Dorothy Njobvu Kanjautso’s world was threatening to come apart after her husband’s death eight years ago, in 1999. The 27-year-old mother found herself unable to provide for her three children. Using money from her deceased husband’s estate, Dorothy started a small nursery school – converting one of the rooms in her house into a classroom and hiring a teacher. But after a few months, the business began to decline, and she needed help.
Dorothy joined an Opportunity International Trust Group – a group consisting of 15-30 Opportunity International loan borrowers – in her village outside Lilongwe, the capital of Malawi. With a $70 loan from Opportunity International, she purchased play mats and games for the children. During the next four years, Dorothy expanded the nursery school to a private elementary school with seven teachers and more than 200 students. The 30-to-1 teacher-student ratio is far more favorable than the 70-to-1 ratio found in government schools.
In total, Dorothy has taken out six loans from Opportunity International to expand and diversify her school and start two additional businesses – selling frozen treats from a cart and renting houses, which employ five more people. Through Opportunity International, Dorothy has a savings account and life insurance – financial services that have not been available to the vast majority of Africans in the past.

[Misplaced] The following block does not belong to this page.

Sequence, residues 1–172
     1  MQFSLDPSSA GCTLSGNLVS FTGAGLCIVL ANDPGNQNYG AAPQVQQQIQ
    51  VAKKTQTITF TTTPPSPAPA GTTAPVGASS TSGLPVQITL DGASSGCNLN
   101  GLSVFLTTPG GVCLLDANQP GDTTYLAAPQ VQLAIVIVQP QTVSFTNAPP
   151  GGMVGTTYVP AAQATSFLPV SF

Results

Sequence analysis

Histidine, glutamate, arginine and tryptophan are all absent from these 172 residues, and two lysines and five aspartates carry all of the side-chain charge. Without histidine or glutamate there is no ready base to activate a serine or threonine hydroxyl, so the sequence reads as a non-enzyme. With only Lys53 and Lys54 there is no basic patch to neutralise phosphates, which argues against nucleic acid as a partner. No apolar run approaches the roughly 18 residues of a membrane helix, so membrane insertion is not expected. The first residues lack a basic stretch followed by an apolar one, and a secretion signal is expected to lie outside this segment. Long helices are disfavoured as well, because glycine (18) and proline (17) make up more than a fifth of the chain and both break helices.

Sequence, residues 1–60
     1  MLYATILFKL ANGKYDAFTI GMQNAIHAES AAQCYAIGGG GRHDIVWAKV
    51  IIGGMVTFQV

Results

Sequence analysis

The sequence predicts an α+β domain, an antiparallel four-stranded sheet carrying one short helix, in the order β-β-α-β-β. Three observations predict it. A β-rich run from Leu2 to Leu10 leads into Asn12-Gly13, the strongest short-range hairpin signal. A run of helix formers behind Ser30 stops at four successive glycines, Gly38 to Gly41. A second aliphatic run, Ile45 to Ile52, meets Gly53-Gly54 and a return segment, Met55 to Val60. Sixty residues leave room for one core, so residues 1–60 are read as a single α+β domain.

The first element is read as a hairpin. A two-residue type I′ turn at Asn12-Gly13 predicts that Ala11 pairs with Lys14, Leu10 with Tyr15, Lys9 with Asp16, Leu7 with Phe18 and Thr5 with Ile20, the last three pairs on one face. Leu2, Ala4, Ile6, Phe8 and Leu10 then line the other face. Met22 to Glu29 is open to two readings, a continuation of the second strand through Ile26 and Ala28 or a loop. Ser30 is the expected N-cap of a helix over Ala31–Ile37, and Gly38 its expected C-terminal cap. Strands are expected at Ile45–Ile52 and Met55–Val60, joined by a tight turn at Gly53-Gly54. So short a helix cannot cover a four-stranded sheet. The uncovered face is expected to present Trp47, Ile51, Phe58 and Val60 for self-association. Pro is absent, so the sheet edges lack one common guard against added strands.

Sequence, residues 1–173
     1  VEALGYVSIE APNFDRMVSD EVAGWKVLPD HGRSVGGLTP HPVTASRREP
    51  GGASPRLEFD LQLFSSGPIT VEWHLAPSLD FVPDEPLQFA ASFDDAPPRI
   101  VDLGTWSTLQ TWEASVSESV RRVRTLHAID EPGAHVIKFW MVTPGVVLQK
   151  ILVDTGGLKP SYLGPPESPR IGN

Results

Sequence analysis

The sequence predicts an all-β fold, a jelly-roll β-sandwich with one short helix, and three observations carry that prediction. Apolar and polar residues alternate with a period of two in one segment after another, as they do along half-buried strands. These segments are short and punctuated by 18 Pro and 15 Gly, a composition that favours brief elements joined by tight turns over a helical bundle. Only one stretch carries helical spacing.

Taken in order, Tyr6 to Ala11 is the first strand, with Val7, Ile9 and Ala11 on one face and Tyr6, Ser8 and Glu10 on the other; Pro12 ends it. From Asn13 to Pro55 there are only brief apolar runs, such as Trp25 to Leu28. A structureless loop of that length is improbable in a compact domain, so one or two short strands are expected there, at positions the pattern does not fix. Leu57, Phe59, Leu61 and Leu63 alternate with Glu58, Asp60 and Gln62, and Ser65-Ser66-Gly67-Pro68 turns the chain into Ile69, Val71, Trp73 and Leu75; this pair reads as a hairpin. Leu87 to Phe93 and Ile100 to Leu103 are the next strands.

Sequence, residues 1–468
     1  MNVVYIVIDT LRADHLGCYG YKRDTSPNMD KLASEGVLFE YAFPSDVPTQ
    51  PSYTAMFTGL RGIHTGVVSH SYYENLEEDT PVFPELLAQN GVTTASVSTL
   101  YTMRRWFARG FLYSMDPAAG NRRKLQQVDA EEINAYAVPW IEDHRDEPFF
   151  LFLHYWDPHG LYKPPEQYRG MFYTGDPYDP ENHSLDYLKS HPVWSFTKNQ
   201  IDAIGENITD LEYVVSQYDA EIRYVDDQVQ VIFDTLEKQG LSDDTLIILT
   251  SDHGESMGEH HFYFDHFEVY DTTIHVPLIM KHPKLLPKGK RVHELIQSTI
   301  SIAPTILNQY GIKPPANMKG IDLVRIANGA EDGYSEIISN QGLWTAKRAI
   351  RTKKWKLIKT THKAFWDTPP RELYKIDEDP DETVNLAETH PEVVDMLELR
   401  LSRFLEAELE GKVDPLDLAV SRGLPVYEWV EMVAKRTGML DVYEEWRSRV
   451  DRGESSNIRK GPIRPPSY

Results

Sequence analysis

At home, the loans have improved the nutrition and education of her children. Kelvin, 12, Natasha, 11 and Vanessa, 9, used to eat meat only once a month, but are now able to have it weekly. Through the Trust Group, Dorothy has learned about nutrition, and the meals she puts on the table are more balanced. With profits from her business, she can also afford to educate her children, which she hopes will give them a fighting chance to escape poverty.